Type “makeup tutorial” into YouTube’s search bar and a barrage of images appears on the screen. Beauty gurus of all shapes, sizes, colors, and ages use the platform to showcase their contour and highlight skills. While technique and products may vary, playful banter remains a common thread throughout the videos. Beauty industry jargon affords content creators an air of professionalism, and oftentimes a censored curse word and borrowed queer slang offer personality.
“We use language to create identity. We do that on a cultural basis and we do that on an individual basis. I would say our use of language is perhaps one of the most, if not the most, important tool,” said Dr. Andrew Pantos, sociolinguist and professor at Metropolitan State University of Denver.
Borrowing of slang is a natural function of language that occurs across cultures. Dr. Pantos attributes higher visibility as a factor in a new word’s range and longevity. The more mainstream the crowd, the increased frequency of access and context that their lingo has with the rest of the world.
From RuPaul’s original Viva Glam MAC campaign in 1994, and its reincarnation in 2013, the relationship between the LGBTQ community and the beauty community is a close one.
Variations of queer black slang can be found in tutorials; terms like “beat” and “slayed” litter the typically two-to-20-minute video lessons. A notable current word is “snatched.” Urban Dictionary defines “snatched” as “a popular term in the gay community referring to good looks, fierceness, or something good.” #Snatched has over 350, 000 accompanying posts on Instagram. Beauty gurus recycling of the word is very similar to this definition, but is most often used in videos when referring to contouring. You can have a snatched nose, snatched cheekbones, or even a snatched forehead.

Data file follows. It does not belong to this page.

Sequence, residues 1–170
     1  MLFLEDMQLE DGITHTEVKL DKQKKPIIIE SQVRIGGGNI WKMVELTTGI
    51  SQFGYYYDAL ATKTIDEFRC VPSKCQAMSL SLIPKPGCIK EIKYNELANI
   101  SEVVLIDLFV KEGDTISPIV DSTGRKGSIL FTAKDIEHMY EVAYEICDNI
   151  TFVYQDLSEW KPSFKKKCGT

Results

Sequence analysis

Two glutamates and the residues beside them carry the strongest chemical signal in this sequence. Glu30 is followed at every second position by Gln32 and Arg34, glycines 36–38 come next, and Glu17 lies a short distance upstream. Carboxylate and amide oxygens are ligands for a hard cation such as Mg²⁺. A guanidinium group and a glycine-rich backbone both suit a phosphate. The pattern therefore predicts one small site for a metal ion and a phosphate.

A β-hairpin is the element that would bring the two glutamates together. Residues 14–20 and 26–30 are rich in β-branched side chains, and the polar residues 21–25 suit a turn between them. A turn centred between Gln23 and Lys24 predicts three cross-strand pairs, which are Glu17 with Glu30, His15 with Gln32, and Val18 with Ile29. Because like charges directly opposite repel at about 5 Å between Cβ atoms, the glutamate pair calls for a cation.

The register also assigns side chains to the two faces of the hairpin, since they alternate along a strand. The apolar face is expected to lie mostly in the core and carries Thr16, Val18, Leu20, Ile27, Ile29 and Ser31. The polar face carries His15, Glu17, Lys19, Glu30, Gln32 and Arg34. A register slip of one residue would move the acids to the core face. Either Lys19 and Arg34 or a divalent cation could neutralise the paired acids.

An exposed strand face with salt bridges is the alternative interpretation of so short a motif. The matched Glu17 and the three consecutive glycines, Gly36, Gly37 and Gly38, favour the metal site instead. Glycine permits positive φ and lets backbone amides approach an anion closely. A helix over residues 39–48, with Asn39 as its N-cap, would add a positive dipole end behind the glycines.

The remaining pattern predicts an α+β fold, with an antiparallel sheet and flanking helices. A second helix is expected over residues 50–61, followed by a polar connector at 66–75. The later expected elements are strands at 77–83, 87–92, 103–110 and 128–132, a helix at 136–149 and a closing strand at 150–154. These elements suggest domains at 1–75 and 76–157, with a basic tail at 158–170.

It is an innocent enough statement when a guru like Christen Domonique proclaims to 1.5 million viewers that she wants her cheekbones “snatched like an alien.” Still, it is important to know when the catchy words that we love and use come from marginalized folks. Not only does this knowledge open the door to a larger conversation and audience, it also presents the opportunity to properly credit.
Mileena Lové (aka Jaime Mejia) has been performing drag in Colorado for a year and six months, and last year was included in Westword’s “Meet 2017’s Thirteen Freshest Faces of Denver Drag” roundup.
“I have a strong connection with the beauty community. Makeup and cosmetics are so interesting to me and how one can change their appearance with a flick of a brush,” Lové said.
That connection includes a YouTube channel under the username Mileena Lové. The channel currently focuses on performances at Charlie’s, but Lové hopes to expand it into the beauty realm as well. She hopes to use tutorials as a means to inspire and teach in the same way that she has been inspired and educated during her journey as an entertainer.
Currently, Lové feels that the LGBTQ community is “heavily represented” on the platform as a whole, but not necessarily drag queens. She would also like to see more representation of the drag community in the mainstream beauty community with brands like Tarte and Too Faced.
Being a member of the drag community, Lové believes there is a very fine line between borrowing and appropriating. She uses the example of wearing braids during a performance when impersonating an African American artist. In relation to cis YouTube beauty gurus using LGBTQ slang, though, Lové finds it more helpful than harmful.
“Oh honey, I live for that. If we can get any sort of representation in any community it will help us come together more,” she said.
With more than 300 hours of content uploaded every day and viewing hours sitting well over a billion, YouTube’s reach is just as far and possibly more direct than that of traditional media. With that kind of power, criticisms of the platform and its content feels appropriate.